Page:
There were no clocks in the basement.
No clocks. No watches. Had it been an hour? A day? It was difficult to tell.
The boy hunched over a wooden desk, soldering iron in hand. The desk was rather shabby, with many chips and scratches, and patches that looked like they might have been scorched. By its side stood a small wooden barred filled with water, half-covered with a metal lid.
There was a soft hiss as the boy welded another pipe onto the small device in his hands. It was curiously formed, a mass of gears and pipes crammed into a tiny space, encapsulated with the beginnings of a protective shell. Some silver, some bronze, and a few dull grey. Most were of different diameters, and showed different amounts of wear.
There was a puff, and vapour began to seep out of the device. The boy sighed, shook the device gently, and a little bronze cylinder fell out. Without looking up, the boy pulled open a drawer by his side, and reached into one of the many small trays, pulling out a replacement.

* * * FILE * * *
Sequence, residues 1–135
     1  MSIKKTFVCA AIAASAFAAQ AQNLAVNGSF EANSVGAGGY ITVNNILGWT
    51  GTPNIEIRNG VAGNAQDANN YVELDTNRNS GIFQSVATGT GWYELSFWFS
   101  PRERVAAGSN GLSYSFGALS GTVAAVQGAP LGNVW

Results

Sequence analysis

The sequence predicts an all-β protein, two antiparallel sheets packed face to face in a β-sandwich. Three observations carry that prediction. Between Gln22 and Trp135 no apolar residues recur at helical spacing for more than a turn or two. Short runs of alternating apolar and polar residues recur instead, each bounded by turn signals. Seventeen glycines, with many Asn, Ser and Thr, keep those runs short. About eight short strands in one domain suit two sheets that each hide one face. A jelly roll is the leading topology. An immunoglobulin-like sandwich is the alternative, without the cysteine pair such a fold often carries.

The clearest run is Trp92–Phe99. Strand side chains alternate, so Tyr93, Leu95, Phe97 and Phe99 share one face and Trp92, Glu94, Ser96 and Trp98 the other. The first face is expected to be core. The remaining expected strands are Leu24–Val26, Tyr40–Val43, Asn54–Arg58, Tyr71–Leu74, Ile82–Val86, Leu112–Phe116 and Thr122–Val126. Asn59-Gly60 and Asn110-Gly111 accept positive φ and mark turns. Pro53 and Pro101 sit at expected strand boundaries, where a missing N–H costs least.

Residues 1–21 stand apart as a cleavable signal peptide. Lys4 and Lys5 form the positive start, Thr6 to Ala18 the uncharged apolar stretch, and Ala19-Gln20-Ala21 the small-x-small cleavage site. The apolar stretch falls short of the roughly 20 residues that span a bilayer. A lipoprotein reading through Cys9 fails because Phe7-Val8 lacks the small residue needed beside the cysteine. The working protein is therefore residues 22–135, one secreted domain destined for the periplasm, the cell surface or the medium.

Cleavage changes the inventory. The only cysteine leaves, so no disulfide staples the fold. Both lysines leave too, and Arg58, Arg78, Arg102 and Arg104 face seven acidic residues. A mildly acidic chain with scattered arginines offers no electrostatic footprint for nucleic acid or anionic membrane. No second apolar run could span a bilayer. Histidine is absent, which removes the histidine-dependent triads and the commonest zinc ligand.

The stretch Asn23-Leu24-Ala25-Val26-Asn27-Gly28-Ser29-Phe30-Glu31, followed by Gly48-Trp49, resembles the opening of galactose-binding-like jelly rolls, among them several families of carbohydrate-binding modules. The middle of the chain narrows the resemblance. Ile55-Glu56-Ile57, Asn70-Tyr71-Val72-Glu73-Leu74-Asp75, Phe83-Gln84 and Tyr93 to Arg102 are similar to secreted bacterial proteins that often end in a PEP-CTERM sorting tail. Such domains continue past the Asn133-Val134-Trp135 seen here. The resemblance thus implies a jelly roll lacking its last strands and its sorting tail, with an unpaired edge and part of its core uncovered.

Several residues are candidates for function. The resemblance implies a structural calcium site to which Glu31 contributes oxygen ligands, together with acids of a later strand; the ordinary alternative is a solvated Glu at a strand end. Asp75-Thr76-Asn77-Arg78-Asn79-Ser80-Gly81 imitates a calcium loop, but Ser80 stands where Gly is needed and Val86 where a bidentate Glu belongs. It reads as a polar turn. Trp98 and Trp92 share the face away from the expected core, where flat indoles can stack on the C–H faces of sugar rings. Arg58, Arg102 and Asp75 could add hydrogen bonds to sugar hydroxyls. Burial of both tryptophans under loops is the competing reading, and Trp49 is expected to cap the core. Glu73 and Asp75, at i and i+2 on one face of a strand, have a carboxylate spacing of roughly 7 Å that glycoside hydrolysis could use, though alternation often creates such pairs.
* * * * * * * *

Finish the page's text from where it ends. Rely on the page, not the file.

But something must have gone badly wrong, because the device began to vibrate in his hands. The boy reached over and dropped the device into the barrel of water beside his desk, replacing the lid. A second of silence, and then several simultaneous clangs rang out, exactly as if some sort of device had exploded inside the barrel.
The boy set the lid aside again.
He pulled open two drawers, and counted out a precise number of gears and pipes onto the desk. He could start anew, and would, over and over.
After all, he had all the time in the world.